TGA makes decision not to allow contraceptive pill to be sold over the counter

TGA makes decision not to allow contraceptive pill to be sold over the counter

the pill

Australia’s national medicines regulator has made a final decision not to allow the contraceptive pill to be sold over the counter at pharmacies, after two proposals to consider it were made.

The Therapeutic Goods Administration (TGA) has upheld an interim decision made in June to block the contraceptive pill from being sold over the counter by a pharmacist, meaning a prescription from a doctor will still be necessary to access the pill in Australia.

The TGA, which is the medicine and therapeutic regulatory agency of the government, considered two proposals that pushed for the pill to be sold at pharmacies in certain circumstances where a person could prove they had been prescribed the same pill within the last two years. The TGA previously made an interim decision to reject the proposed changes, and after considering further submissions, has now made its final decision.

According to the TGA’s final decision, the risks of allowing the pill to be sold over the counter in certain circumstances outweighed the potential benefits.

“I consider that while the proposed changes would address some barriers affecting access to ongoing supply of oral contraceptives, I do not feel the benefits of supply from a pharmacist outweigh the risks to women’s health when supplied without consultation from a medical practitioner,” the author of the TGA’s decision said.

“The National Health Continued Dispensing Determination 2012 allows for supply of oral contraceptives at a subsidised cost via the Pharmaceutical Benefits Scheme (PBS) and state and territory legislation allows for emergency ongoing supply of oral contraceptives by a pharmacist.”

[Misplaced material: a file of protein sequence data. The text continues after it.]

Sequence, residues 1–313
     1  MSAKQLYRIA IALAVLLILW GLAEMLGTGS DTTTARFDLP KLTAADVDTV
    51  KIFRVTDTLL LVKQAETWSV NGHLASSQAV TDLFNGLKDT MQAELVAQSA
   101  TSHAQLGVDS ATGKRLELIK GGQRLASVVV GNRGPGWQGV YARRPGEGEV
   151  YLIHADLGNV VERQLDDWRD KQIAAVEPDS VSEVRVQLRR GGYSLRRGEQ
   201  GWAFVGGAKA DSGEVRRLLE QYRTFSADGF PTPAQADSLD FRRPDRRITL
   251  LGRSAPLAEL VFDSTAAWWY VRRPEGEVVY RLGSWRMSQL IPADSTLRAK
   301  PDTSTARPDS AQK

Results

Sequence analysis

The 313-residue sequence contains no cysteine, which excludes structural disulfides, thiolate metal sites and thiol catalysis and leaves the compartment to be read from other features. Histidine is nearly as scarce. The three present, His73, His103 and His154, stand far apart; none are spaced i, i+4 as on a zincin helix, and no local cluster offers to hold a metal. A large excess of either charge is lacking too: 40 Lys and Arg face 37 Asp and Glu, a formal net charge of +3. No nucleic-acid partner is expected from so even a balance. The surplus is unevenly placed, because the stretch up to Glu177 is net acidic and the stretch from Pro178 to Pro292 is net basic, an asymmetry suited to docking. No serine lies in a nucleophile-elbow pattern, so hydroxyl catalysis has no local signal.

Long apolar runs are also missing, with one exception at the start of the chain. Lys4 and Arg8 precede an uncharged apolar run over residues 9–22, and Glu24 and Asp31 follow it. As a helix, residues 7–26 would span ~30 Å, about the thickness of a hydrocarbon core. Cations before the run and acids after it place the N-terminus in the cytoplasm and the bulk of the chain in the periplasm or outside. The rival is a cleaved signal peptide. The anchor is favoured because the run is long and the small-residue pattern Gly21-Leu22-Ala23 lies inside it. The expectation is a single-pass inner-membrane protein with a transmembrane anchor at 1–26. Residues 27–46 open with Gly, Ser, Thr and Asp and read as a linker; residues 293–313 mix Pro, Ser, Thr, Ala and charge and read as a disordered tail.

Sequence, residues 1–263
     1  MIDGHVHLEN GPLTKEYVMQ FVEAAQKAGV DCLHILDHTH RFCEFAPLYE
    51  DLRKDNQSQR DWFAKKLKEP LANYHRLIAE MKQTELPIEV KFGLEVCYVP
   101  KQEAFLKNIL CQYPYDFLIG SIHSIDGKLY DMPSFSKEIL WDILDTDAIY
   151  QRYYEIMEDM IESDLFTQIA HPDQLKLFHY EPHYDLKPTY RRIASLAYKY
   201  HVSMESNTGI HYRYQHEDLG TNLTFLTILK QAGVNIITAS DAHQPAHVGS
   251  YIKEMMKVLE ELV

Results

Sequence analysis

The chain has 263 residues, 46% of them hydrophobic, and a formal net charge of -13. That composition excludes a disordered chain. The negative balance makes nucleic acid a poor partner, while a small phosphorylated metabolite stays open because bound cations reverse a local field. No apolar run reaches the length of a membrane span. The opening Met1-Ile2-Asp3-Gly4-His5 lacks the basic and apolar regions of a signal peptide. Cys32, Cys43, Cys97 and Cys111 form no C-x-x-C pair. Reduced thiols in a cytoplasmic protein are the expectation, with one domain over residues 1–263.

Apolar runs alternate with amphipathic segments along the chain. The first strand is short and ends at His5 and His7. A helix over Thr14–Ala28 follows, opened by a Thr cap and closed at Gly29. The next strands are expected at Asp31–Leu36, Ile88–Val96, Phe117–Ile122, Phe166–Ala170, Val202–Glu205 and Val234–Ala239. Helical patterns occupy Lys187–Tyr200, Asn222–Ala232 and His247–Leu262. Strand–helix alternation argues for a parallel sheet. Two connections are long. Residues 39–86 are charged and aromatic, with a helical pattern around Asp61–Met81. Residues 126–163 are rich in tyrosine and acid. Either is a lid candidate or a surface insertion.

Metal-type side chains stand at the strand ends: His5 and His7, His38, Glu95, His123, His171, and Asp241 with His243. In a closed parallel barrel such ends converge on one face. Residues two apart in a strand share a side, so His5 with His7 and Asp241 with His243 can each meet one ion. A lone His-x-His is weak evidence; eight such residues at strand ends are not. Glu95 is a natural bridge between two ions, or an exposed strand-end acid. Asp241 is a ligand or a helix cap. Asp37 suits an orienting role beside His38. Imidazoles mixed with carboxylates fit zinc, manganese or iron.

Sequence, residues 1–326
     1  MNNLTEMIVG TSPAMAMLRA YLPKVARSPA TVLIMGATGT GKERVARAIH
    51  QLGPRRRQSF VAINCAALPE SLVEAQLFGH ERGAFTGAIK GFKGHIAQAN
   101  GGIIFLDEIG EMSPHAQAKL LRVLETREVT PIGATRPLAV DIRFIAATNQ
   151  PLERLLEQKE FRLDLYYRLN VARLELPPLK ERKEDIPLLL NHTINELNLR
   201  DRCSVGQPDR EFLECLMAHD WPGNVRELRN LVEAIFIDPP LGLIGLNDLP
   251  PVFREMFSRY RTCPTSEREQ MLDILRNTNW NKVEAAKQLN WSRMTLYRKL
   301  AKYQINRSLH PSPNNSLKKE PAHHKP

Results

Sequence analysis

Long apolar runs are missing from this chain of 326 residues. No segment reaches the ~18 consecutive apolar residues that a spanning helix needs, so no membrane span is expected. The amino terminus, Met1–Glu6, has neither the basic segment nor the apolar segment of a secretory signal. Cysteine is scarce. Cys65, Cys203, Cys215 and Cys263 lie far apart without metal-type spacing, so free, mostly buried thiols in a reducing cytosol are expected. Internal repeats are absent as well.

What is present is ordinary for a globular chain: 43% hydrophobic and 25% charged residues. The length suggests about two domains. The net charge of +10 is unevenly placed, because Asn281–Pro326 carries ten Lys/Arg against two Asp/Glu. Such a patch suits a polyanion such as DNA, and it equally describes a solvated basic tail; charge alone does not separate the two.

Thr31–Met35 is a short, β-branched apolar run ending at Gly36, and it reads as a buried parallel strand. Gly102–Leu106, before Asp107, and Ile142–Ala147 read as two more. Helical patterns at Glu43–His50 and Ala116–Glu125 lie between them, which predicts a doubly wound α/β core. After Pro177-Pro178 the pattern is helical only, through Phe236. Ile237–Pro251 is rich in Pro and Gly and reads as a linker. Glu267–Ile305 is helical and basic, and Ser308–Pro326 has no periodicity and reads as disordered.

The author of the TGA’s decision said they acknowledged the “clinical capabilities of pharmacists” but there are many benefits associated with seeing a doctor regularly, including using the opportunity for preventative health screenings and to monitor other contraceptive options.

“Regular reassessment by a medical practitioner allows routine preventive health screening (such as cervical smears, pelvic exams, clinical breast exams and screening for sexually transmitted infections) as well as regular review of the suitability of continued oral contraception compared to other forms of long-acting reversible contraception, which are not available without a prescription,” the TGA spokesperson said.

“I have weighed the severity and frequency of adverse effects, alongside the seriousness of potential drug-drug and drug-condition interactions without medical practitioner intervention and follow-up against the benefits of increased access. In doing so, I remain of the firm view that medical practitioner involvement is required and the current scheduling of oral contraceptive substances under Schedule 4 remains appropriate.”

The TGA’s final decision also noted that “several factors outweigh the benefits of access to oral contraceptives without the requirement for a prescription at this time”.

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